To do that, Jonathan Jensen and Brian Turner chose to ignore geography and tradition, the typical forces in conference realignment. Instead, they focused solely on football and its financial implications, coming up with a formula that factored in every team’s football revenue, winning percentage, computer ranking and attendance between 2003 and 2013. Then they sorted teams into clusters to figure out which schools were most alike—and should be playing each other.

Using this formula, the defending Big Ten champion (Michigan State) and Pac-12 champion (Stanford) would be in Cluster 2 and Cluster 3, respectively. Last year’s Big 12 champion, Baylor, is nowhere to be seen in the four clusters assembled, but West Virginia, Utah and Boise State are. So is Arkansas.

Maybe The Wall Street Journal should stick to finances.

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MWC schools ready for cost-of-attendance, still discussing snack options

The 2014 college football season is going to be one with many questions that may not be able to be answered until the season is in the books, or perhaps two seasons are in the books. The College Football Playoff starts this season with a four-team playoff field and new bowl arrangements that will guarantee one spot for the top-ranked team from the so-called Group of Five — the American Athletic Conference, Conference USA, MAC, Mountain West Conference and Sun Belt. This is a reservation that figures to be within reach for the Mountain West champion more often than not, but nobody will know for sure just how everything will play out until games are played. There are plenty of off-field questions as well as the NCAA is likely to move on to a new era of autonomy for the power conferences, which has conferences like the Mountain West Conference bracing for everything it possibly can.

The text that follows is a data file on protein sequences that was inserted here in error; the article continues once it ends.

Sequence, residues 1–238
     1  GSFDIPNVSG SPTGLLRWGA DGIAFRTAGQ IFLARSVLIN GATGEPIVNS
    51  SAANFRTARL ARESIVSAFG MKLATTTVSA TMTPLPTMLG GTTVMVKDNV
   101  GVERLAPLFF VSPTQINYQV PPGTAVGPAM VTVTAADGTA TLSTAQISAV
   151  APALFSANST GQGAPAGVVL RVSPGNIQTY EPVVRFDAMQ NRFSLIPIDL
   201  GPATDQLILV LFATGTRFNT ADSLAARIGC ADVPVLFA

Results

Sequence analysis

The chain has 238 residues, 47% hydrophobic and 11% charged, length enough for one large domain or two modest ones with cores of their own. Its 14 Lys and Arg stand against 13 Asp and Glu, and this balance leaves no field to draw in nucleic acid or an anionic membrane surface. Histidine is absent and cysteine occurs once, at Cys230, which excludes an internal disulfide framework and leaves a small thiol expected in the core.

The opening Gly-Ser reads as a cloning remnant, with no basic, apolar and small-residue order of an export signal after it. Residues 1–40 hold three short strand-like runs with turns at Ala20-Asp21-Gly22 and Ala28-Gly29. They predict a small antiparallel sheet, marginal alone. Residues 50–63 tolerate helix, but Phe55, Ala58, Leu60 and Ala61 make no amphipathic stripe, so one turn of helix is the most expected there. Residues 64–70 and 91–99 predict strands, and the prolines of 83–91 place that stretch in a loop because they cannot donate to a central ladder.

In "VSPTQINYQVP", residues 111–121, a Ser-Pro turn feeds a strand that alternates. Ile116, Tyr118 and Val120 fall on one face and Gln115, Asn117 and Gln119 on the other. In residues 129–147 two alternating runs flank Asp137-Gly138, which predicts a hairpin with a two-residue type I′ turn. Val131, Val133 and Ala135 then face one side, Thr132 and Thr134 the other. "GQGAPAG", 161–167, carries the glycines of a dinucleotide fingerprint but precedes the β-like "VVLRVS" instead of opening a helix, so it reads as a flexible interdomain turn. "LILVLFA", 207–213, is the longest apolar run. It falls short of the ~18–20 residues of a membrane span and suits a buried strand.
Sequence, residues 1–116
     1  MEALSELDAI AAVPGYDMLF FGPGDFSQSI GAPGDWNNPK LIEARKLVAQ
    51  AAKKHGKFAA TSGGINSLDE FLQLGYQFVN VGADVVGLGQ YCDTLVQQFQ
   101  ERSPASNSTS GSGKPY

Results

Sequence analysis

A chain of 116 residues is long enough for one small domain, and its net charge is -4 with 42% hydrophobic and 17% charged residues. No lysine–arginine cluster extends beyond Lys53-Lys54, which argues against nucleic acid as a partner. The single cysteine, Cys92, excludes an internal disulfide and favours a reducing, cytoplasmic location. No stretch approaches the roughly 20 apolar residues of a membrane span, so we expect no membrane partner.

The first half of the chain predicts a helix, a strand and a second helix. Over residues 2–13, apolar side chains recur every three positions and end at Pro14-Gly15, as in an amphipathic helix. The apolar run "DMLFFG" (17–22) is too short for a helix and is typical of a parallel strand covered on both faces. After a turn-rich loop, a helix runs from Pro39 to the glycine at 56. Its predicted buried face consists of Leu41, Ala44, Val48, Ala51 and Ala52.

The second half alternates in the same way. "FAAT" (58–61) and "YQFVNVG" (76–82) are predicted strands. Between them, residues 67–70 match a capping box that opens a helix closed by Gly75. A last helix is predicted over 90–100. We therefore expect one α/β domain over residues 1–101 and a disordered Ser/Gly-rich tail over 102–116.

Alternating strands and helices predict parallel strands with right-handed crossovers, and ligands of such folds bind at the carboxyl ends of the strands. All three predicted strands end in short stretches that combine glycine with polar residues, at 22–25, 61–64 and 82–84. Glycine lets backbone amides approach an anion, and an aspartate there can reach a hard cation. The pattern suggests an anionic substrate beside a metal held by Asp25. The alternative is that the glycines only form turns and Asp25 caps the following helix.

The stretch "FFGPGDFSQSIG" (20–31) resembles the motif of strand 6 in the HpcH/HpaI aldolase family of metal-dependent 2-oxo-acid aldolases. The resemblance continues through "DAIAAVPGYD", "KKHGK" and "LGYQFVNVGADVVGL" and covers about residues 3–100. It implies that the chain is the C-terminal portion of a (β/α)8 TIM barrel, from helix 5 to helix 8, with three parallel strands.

“There are more questions than answers, ” Mountain West Conference commissioner Craig Thompson said Tuesday at the conference’s media day event, according to the Las Vegas Sun. Fortunately, the conference has been using whatever time is left to prepare for all options. Thompson addressed these concerns with the media on Tuesday, confirming all members of the conference should be prepared to provide full cost of attendance scholarships, but the battle between the haves and the have-nots in college football could continue with the ability to provide unlimited snacks. This is one cost that is more concerning for MWC schools right now.

“It’s not a tipping point, but it is a precarious position because of the unknown,” Thompson said, as reported by Las Vegas Sun. The NCAA has made a change to the rules regarding snacks and supplements for athletes, lifting any restrictions for student-athletes. Some of the larger programs are hopping right on board with this new ability to provide more nutrition to student-athletes. USC was one of the first schools to make the change official, but Mountain West schools are still with each other to determine how to provide for the added expenses for unlimited snacks.

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Art Briles says it is time for Petty to become a household name

Bryce Petty

Ask the most casual college football fan who Robert Griffin III was in 2010 and they could probably tell you all about him. The same does not appear to not be the case for Bryce Petty, who led Baylor to a Big 12 title while putting up huge numbers and looks to keep the momentum going forward in 2014. Baylor head coach Art Briles challenged folks to go to a Dairy Queen in Oregon and ask about Petty, and the results were none too flattering. That is part of the reason why Briles spent time at Big 12 media days this week pumping up his signal-caller ahead of the 2014 season by comparing Petty to the school’s only Heisman Trophy winner, RGIII.

“There’s a lot of similarities quite honestly,” Briles said on a radio interview with KESN-FM in Dallas on Tuesday. “Bryce probably has about as much name recognition nationally as what Robert had going in his senior season, and that’s kind of what it’s all about. Last year it was make a name, this year he’s got to keep his name. Both of those guys are very confident, very well structured for our offense from an intellectual and physical standpoint, and capable of leading us to victory every single time we step on the field.”